Raiding the Storage Racks:
The Guggenheim’s Good Stuff
What a thrill it is to visit the Solomon R. Guggenheim Museum right now. You heard me: thrill . From Picasso to Pollock: Classics of Modern Art , an exhibition culled from the museum’s permanent collection, is a sterling example of truth in advertising: They’ve got classics, and plenty of them. The show is so good you could almost forget the museum’s recent crimes against civilization-Matthew Barney, Armani, a plague of motorcycles, the rotunda as black hole and Thomas Krens’ Ming the Merciless–like aspirations to global domination. Clearly, the museum is better off resting on its laurels. For the first time in ages, I don’t pity the tourists lining up to buy tickets at $15 a pop-they’re getting their money’s worth.
Where to begin enumerating the glories of From Picasso to Pollock ? Not at the beginning: The first thing greeting viewers on the way up Frank Lloyd Wright’s ramp is Alicia (1965-67), a ceramic-tile “painting” by Joan Miró (with the assistance of Josep Lloréns Artigas)-a regrettable reminder of a great artist’s not-so-great late style. An alcove featuring five sublime works by the Romanian sculptor Constantin Brancusi lifts the spirits, and after that the hits just keep on coming. From Picasso to Pollock makes the curator’s job look easy: a casual browse through storage racks packed with early Modernist masterpieces. Picasso, Braque and Matisse, you know; Chagall and Klee, too. But what about Albert Gleizes, Liubov Popova and Juan Gris, whose Newspaper and Fruit Dish (1916) finds him looser, less complicated and better off for it? Miró is redeemed by The Tilled Field (1923-24), Piet Mondrian is at his starkest with Composition No. 1 (1930), and Vasily Kandinsky generates a spiky tension in Black Lines (1913), contrasting cottony flurries of color and scratchy linear elements that barely know their purpose. Superb pieces by Robert Delaunay, Amedeo Modigliani, Kazimir Malevich, Alexander Calder and Max Beckmann are also on view.
The show falters, somewhat predictably, in its mid-century selections. Jean Dubuffet holds up pretty well, and Hans Hoffmann is an unfailing upper. Fernand Léger is better seen in Nude Model in the Studio (1912-13) than in the later, cloyingly populist The Great Parade (definitive state) (1954). And, boy, is Abstract Expressionism looking like a period style. Jackson Pollock and Mark Rothko are put to shame by minor lights like Alberto Burri and Asger Jorn; and we won’t mention Franz Kline, Robert Motherwell or Willem de Kooning’s Composition (1955). Chalk up the flabby ending to the Guggenheim’s inability to think outside the box. Then be grateful that the box is as full of good stuff as it is.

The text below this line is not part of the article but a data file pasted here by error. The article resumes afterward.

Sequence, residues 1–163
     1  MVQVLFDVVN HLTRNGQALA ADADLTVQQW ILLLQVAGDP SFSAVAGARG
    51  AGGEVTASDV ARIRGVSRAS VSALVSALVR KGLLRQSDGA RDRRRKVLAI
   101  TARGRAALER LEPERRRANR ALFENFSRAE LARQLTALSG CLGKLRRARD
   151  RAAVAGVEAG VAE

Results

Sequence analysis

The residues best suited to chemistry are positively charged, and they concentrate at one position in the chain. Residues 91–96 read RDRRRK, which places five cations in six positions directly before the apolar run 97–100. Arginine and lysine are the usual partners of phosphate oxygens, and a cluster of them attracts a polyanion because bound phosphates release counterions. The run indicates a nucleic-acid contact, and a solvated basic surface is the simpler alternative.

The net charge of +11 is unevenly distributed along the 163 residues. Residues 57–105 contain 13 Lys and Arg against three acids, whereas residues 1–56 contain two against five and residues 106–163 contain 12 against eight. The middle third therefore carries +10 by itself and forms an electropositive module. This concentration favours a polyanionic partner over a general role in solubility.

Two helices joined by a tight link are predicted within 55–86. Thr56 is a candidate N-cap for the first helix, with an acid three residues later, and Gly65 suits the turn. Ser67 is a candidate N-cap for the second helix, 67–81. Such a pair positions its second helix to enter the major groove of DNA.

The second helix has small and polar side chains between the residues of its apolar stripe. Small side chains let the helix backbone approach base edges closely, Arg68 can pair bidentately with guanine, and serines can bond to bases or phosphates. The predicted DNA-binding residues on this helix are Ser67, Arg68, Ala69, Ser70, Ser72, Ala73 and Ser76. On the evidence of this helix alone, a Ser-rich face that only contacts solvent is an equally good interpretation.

From Picasso to Pollock: Classics of Modern Art is at the Solomon R. Guggenheim Museum, 1071 Fifth Avenue, until Sept. 28.
You’d think the organizers of an exhibition honoring a musician would have given some thought to how it would sound. Whoever put together Black President: The Art and Legacy of Fela Anikulapo-Kuti , an exhibition of 34 artists on display at the New Museum of Contemporary Art, sure didn’t. While not headache-inducing, Black President is cacophonous, an insult to a man venerated by musicians and music-lovers of all stripes. The Nigerian-born Fela (1938-1997) earned his fame with politically charged, polyrhythmic dance music. Snippets of songs can be overheard and sampled at the New Museum, but it’s impossible to get a sense of the music’s body or momentum-there are too many soundtracks blaring, competing for one’s attention.
Many of the artists in the show accentuate Fela the “utopian visionary.” His persistent and often brutal struggles with the Nigerian government are referred to; so, too, his outlaw status, 27 wives and death from AIDS. Only Barkley Hendricks captures the spirit of the man; the coursing vulgarity of the painting Fela: Amen, Amen, Amen, Amen (2002) avoids the glib, didactical tone and general amateurism typical of Black President . As for the man’s music: A trip to Tower Records will offer greater testament to Fela’s legacy than this hobbled crazy quilt of a show.
Black President: The Art and Legacy of Fela Anikulapo-Kuti is at the New Museum of Contemporary Art, 583 Broadway, until Sept. 28.
Room to Grow
The warehouse aesthetic-you’ve seen it in Chelsea galleries, and also at museums enduring outer-borough exile while their home locations undergo renovation and expansion-is part of a worrying trend. Whenever this kind of institution privileges architecture-whether brute or overdetermined, or both-at the expense of art, you know the culture has taken a hit. How many times have you heard someone gush about a gallery’s expanse of space without mentioning the work on display?
The Museum for African Art’s temporary digs in Long Island City are a welcome exception to the rule. (The museum is scheduled to re-open in Harlem in 2006.) Frank Hereman, who was responsible for the simple, beautiful installation of Material Differences: Art and Identity in African Art , the museum’s current show, should take a bow. The cavernous industrial environs have been deftly broken up with hanging sheets of paper, rich accent colors and labels that state their case intelligently, then sidle out of the way. Material Differences brings a gentle proportion to the examination of how materials, process and spirituality reinforce each other in a variety of African societies. You could almost get lost in the exhibition’s flow, until certain pieces-a reliquary figure by the Beembe peoples of the Congo, say, or a gourd by the Ewe peoples of Togo-snatch the eye and nag the memory. This is the best show the museum has mounted, and augurs well for its future.
Material Differences is at the Museum for African Art, 36-01 43rd Avenue, third floor, Long Island City, Queens, until Oct. 6.
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